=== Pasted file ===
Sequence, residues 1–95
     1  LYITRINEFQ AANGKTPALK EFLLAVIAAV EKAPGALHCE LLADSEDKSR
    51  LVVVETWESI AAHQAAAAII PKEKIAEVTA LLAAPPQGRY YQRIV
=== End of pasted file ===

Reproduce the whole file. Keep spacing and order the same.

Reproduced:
Sequence, residues 1–95
     1  LYITRINEFQ AANGKTPALK EFLLAVIAAV EKAPGALHCE LLADSEDKSR
    51  LVVVETWESI AAHQAAAAII PKEKIAEVTA LLAAPPQGRY YQRIV